For some landowners, the journey has only just begun. In Beaminster, Dorset, Luke Montagu, Viscount Hinchingbrooke, has given over 450 acres of his Mapperton estate to Nature-restoration projects since 2020. That figure is expected to rise to 1,000 acres in the coming years. He’s not the only one. Accord-ing to research by Coutts, almost a quarter of young, wealthy landowners are planning to make sustainable changes to their estates over the coming years.

Lord Hinchingbrooke’s children inspired him to kickstart the changes. ‘They are more motivated by environmental concerns and, obviously, with a country estate, you need to think about the next generation’s priorities.’

The future Earl of Sandwich looked to Knepp in West Sussex to make his and his children’s vision a reality: ‘It must be said that they [Knepp] are the pioneers. They have had such a positive influence on us and by many others by being so open with their data.’

Gathering fresh produce from the vast kitchen garden of Borgo Santo Pietro.

A brand new herd of 25 White Park cattle now grazes on an area once populated by up to 200 animals, in partnership with regenerative organic dairy tenant farmers Tom and Sophie Gregory (2021 Dairy Industry Woman of the Year winner). This summer, a herd of Exmoor ponies, two beavers and a drift of Iron Age pigs (a cross between wild boar and Tamworth) will join the Mapperton fold. ‘They [the pigs] are the animals we need most urgently because they rootle the pasture in areas where we have quite species-poor grassland. The pigs can get in and churn up the ground and make it available for other species to germinate and provide an environment for invertebrates and so forth.’

Opportunities to volunteer are in the works, but, for now, interested outsiders can rent a former farm building or join an eco tour with Mapperton’s head of ecology, Tom Brereton.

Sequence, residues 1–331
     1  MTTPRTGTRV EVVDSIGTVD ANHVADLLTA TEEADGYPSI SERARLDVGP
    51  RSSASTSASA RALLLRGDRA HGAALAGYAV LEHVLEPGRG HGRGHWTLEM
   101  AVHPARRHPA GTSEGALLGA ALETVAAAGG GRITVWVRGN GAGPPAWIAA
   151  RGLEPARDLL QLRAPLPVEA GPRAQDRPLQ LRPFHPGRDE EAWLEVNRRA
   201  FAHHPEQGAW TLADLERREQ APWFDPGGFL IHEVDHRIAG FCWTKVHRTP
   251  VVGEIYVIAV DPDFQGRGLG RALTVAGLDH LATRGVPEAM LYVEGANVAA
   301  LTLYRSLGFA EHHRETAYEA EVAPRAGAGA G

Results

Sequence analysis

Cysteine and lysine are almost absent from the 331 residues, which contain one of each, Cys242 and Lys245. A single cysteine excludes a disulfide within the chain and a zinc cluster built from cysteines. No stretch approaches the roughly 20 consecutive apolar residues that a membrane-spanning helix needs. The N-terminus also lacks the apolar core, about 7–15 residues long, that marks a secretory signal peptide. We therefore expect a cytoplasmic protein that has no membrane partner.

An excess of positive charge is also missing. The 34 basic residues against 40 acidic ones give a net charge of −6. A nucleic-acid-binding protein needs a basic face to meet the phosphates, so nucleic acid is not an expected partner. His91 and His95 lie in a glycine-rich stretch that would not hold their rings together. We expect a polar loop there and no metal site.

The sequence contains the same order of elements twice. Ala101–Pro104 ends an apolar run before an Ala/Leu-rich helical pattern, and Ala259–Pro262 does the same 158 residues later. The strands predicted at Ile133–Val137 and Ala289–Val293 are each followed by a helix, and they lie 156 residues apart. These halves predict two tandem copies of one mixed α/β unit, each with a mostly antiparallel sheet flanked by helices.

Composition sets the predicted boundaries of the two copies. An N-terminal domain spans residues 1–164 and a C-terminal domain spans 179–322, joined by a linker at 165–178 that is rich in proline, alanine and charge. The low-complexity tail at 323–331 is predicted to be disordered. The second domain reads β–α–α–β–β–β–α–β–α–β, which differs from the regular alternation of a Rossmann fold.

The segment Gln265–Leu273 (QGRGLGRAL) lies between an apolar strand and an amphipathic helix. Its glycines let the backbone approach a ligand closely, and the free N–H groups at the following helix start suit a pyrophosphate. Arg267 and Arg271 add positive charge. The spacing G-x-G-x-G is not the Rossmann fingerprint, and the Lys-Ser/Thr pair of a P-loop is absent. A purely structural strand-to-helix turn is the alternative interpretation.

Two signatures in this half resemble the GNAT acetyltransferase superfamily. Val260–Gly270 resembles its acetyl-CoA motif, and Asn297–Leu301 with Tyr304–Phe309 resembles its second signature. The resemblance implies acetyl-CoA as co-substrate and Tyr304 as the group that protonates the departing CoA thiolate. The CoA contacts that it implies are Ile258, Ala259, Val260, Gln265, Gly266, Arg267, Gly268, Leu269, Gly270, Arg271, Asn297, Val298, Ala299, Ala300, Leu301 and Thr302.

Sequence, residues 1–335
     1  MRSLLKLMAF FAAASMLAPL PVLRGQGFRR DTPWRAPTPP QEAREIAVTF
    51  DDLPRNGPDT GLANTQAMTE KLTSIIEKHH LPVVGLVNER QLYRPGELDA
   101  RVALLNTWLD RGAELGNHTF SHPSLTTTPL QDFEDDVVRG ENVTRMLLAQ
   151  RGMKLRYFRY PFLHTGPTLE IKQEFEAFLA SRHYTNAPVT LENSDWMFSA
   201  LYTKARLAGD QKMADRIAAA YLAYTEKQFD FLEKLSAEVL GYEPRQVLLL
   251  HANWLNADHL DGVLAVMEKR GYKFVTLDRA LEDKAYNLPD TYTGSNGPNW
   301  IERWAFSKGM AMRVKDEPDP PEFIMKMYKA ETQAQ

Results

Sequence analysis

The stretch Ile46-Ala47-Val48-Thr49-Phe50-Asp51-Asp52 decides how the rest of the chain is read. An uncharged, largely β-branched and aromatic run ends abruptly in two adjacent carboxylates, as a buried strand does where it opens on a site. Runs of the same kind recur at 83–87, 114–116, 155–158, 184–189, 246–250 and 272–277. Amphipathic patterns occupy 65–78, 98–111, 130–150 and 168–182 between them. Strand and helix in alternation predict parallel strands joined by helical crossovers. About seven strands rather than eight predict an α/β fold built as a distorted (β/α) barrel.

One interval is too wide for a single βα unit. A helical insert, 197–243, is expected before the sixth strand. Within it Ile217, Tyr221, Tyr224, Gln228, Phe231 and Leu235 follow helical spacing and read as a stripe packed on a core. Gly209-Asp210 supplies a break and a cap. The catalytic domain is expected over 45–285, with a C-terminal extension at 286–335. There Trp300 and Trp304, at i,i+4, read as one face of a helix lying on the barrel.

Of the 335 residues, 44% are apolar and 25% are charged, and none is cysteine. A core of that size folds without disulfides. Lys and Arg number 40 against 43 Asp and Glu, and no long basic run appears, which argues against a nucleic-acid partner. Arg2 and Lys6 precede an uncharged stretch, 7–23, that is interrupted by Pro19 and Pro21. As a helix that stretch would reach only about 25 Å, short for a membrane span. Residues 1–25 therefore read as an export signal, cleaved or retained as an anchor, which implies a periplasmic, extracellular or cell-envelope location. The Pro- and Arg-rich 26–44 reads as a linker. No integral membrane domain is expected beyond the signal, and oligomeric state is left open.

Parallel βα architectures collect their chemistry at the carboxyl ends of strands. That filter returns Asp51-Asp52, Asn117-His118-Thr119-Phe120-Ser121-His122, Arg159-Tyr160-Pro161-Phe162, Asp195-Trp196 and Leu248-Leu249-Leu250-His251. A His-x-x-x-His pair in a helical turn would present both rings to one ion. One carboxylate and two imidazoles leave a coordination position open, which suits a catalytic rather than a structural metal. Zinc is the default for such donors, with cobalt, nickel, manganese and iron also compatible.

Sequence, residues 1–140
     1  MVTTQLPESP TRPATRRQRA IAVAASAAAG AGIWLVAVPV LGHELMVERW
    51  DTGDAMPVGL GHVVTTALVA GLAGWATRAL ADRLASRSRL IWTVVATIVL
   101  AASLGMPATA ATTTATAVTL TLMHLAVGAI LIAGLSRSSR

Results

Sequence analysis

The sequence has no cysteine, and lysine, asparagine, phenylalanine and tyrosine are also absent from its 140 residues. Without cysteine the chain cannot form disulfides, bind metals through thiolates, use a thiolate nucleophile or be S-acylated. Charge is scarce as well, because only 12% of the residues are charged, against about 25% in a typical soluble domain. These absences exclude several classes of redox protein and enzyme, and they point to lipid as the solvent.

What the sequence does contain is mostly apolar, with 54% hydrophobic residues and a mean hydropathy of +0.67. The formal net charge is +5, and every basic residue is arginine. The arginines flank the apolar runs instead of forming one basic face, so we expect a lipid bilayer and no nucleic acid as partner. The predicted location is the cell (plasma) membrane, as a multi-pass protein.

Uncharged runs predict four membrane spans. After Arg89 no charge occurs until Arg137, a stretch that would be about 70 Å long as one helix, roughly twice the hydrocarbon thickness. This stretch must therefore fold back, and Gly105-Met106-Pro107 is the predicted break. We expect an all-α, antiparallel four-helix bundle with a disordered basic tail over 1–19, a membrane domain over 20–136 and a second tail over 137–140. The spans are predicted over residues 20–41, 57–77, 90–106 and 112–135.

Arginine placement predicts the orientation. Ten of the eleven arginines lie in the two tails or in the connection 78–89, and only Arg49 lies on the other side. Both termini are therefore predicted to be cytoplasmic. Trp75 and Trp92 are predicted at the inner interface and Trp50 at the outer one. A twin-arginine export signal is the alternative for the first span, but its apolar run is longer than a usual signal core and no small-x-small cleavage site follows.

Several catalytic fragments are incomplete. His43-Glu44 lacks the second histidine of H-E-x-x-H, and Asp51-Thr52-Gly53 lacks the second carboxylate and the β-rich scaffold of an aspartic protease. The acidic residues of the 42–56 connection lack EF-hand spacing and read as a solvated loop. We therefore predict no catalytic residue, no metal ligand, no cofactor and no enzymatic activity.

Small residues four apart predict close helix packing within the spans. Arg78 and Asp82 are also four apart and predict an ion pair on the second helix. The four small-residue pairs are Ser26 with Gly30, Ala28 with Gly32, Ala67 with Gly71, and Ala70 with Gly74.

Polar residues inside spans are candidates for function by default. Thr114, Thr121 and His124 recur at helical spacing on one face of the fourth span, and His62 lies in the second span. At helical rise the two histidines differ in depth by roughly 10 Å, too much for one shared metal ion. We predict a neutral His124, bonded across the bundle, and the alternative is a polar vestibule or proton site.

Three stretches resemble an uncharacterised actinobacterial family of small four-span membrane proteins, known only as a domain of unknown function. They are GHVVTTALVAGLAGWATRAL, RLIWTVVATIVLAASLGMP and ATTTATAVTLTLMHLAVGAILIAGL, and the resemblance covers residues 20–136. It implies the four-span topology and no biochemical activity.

‘It’s been one of those decisions that felt right at the time and feels increasingly right as the months go by,’ enthuses Lord Hinchingbrooke, ‘not least because you get to work with so many interesting, compassionate people: the experts, but also the kind of visitors that we attract. In terms of impact, we’ve already started generating additional revenue to support the estate through eco tours.’

In the first year, he adds, ‘we’ve seen a great increase in the number and abundance of different flower species. That has led to an increase in the invertebrate population, the insects and that has led to a doubling of some of our key bird species, such as the stone chat and the willow warbler’.

In the South-West — Launceston, Cornwall, to be specific — Coombeshead Farm is leading the charge of smaller agrotourismos (www.coombesheadfarm.co.uk). Visitors to the 66- acre working farm and guest house are likely to be up and about early, thanks to the resident cockerel’s morning call and enticing smell of fresh bread from the on-site bakery. There’s also a superb restaurant (popular with guests, day trippers and locals alike), a farm shop and workshops on pig husbandry and butchery.


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In Devon, Phil Heard offers ridden cattle drives across Dartmoor (www.dartmoor ridingholidays.co.uk). Trips range from three to six nights, from May, the ‘spring cattle turn-out’, through to September, the ‘cow and calf muster’. Cattle, led by a lead cow, usually an older matriarch, respond well to being moved by horses, according to Mr Heard, who will teach you to work as a team with the other riders by flanking the herd.

Further east, a 15-acre smallholding called Glebe House, situated on a picturesque hilltop spot, three miles inland from the east Devon coastline, is making waves, in part due to its Bloomsbury Set-inspired interiors (www.glebehousedevon.co.uk). Following a stint in Italy, owners Hugo and Olive Guest bought the former Georgian vicarage from his parents. There’s a swimming pool, cutting garden and vegetable patch, a temperature-controlled charcuterie room and excellent walking straight from the property. Chickens strut around unbothered by the comings and goings and two pigs have claimed the woodland as their own. Mrs Guest, an artist whose colourful works hang on Glebe’s walls, has plans to install locally made cabin rooms in the grounds, too. It may evoke images of East End children picking hops in Kent, but agritourism is thoroughly at home in the 21st century.